Wednesday, March 14, 2012

Case Experience #2.2 - Let the Digging Begin

The Stats

Moving on with the hypothetical scenario posted in Case Experience #2.1, let's assume that we now have Kilroy's HE laptop in our possession.  A quick look to verify what you were told by the client reveals that the hard drive is not fully encrypted and has the OS of Windows 7.  The OS version is important to know in any investigation, as the way the OS stores information and behaves when interacting with a user varies.  (If you are new to doing Windows 7 analysis, it may be a good idea to research it before starting an investigation.  My personal favorite Win7 go-to book is Windows Forensic Analysis Toolkit 3E.)  The BIOS showed no date or time offset.  Below are a few of the artifacts that may provide information of interest in an IP theft case.  Note that they aren't listed in any particular order, other than what I felt like writing about first.

For this portion of the Case Experience, I will be using EnCase v6.18 and Jump List Parser code from Harlan Carvey.  However, many other tools can be used to look at the same areas of interest.

User's Recent Folder

The Recent folder can be a veritable treasure trove when reconstructing a user's activity.  In our case study, Kilroy's Recent folder was located here:

C\Users\Kilroy\AppData\Roaming\Microsoft\Windows\Recent\
(Note:  Replace "Kilroy" with {User} for the default path for any Win7 or Vista user)

There are basically two types of artifacts of use in this location:  link files and jump files. 

Link Files
In Windows systems, when a user opens a file, a link file will be created in that user's Recent folder.  The link file will be named with the target file name, with the addition of a .LNK extension.  In EnCase, the target file path can be found in the column called "Symbolic Link."  Below is an excerpt of link files found in the Recent folder from our case study of Kilroy:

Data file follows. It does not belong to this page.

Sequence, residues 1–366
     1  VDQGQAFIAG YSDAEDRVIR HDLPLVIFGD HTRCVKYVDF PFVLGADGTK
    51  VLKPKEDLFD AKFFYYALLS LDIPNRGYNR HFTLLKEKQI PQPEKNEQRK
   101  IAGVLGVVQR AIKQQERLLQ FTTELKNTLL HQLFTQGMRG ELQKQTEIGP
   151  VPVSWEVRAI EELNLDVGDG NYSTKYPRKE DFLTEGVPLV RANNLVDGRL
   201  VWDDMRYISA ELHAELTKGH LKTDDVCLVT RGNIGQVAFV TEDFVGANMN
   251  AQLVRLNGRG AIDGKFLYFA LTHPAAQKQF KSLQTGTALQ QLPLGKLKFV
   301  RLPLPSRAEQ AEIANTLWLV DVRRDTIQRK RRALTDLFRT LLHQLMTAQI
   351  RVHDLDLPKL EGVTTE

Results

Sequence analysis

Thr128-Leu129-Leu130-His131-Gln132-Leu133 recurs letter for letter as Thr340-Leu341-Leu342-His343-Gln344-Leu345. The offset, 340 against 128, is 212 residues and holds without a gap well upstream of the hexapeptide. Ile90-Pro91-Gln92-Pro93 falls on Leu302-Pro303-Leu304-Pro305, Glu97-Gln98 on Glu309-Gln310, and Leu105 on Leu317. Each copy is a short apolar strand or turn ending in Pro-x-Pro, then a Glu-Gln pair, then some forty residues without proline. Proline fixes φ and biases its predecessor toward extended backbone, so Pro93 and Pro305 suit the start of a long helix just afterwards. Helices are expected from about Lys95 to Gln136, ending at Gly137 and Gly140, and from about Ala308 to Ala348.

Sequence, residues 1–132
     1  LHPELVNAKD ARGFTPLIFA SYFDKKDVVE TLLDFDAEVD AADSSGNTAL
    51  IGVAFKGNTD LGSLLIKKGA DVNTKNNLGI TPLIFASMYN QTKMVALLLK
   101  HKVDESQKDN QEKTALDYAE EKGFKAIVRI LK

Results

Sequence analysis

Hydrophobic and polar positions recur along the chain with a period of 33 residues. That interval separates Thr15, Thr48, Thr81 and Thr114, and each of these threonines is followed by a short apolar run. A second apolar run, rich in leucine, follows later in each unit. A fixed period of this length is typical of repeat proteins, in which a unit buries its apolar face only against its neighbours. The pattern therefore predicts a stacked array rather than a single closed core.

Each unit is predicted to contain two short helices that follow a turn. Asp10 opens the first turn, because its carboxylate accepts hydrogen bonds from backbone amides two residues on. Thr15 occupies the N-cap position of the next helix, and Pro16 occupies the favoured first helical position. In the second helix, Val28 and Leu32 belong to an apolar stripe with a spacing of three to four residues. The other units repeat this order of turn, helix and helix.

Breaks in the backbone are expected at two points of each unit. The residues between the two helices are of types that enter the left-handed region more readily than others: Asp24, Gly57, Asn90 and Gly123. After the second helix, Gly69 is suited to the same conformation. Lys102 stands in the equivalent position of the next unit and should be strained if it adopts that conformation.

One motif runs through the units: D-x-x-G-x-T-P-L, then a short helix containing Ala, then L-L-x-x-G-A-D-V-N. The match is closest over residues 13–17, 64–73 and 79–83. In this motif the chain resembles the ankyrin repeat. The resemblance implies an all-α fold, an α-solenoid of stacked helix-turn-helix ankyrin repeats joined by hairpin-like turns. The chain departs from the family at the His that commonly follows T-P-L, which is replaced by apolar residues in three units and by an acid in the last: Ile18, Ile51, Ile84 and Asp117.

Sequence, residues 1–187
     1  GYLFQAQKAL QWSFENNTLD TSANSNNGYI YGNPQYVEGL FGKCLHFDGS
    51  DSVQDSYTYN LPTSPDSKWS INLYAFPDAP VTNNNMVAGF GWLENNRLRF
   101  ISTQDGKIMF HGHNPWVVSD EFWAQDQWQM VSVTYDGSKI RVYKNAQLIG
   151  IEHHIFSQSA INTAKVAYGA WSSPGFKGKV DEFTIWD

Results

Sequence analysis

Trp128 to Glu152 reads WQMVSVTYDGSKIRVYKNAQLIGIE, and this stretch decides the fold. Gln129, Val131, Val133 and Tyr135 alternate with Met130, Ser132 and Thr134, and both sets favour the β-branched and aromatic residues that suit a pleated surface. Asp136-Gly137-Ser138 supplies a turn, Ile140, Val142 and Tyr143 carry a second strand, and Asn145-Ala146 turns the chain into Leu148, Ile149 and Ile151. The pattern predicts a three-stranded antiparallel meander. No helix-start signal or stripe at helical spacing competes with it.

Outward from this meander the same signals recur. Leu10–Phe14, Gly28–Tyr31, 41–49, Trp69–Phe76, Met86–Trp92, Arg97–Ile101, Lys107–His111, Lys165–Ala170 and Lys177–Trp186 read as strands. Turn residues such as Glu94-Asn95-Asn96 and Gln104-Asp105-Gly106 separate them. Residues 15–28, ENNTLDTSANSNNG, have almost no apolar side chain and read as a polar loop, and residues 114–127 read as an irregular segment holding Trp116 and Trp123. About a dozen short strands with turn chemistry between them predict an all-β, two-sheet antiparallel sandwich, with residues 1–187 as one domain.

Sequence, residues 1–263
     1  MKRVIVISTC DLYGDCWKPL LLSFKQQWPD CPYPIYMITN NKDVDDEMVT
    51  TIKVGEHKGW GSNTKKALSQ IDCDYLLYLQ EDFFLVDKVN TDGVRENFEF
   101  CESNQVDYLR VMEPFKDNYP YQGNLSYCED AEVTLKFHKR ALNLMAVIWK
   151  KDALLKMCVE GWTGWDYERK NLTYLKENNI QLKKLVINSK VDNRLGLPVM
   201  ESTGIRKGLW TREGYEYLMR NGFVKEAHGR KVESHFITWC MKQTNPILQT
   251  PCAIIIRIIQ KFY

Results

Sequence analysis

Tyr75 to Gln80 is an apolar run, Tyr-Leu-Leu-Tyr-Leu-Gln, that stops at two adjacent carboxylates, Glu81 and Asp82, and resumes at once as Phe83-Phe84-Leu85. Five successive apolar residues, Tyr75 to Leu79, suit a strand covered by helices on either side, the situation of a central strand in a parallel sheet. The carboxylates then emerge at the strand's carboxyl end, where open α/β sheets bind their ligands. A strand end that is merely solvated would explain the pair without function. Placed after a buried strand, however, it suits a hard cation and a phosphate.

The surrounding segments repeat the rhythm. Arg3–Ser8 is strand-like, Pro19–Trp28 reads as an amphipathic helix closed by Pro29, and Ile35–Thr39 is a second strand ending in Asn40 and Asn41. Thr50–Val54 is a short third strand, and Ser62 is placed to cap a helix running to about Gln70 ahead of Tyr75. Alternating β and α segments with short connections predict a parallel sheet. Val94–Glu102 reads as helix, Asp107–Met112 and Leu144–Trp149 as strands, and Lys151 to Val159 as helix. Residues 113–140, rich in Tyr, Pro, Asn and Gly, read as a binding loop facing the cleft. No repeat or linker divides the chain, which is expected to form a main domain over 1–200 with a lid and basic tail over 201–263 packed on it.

You may want to click on the image to better read the information... I played
around with it and this is the best I could do... sorry!
This little snippet actually has quite a bit of information.  Apart from showing what the user accessed, link files are helpful in showing when they were accessed.  Analyzing date/time information of link files could be a whole post by itself, but let's focus on the big issues:  1) it demonstrates that Kilroy was using his company issued computer after his termination from employment; and 2) potentially proprietary information was accessed on an external drive.  Important to an IP theft case?  You betcha.

Jump Lists
We found some good stuff, but we aren't done with the Recent folder just yet.  Because in Windows7, this folder also contains Jump Lists.  (If you want a more detailed description of jump lists and what they are, there are multiple sites available online, including a page on the forensics wiki and this post by Harlan.)  Let's take a look at one of the JL's to see if we can find anything interesting.  Looking in the AutomaticDestinations folder, we see that there is a JL called 9c7cc110ff56d1bd.automaticDestinations-ms.  Comparing this to the Jump List IDs on the Forensics wiki, we can see that this particular jump list is associated with Microsoft Office Powerpoint 2010.  To parse the information in this file, I chose to use the jump list parser mentioned above.  This is a perl module, so to run the script you must have perl installed.  In order to run the script on my Windows system against the mounted image of the system (mounted to the I: drive), I typed: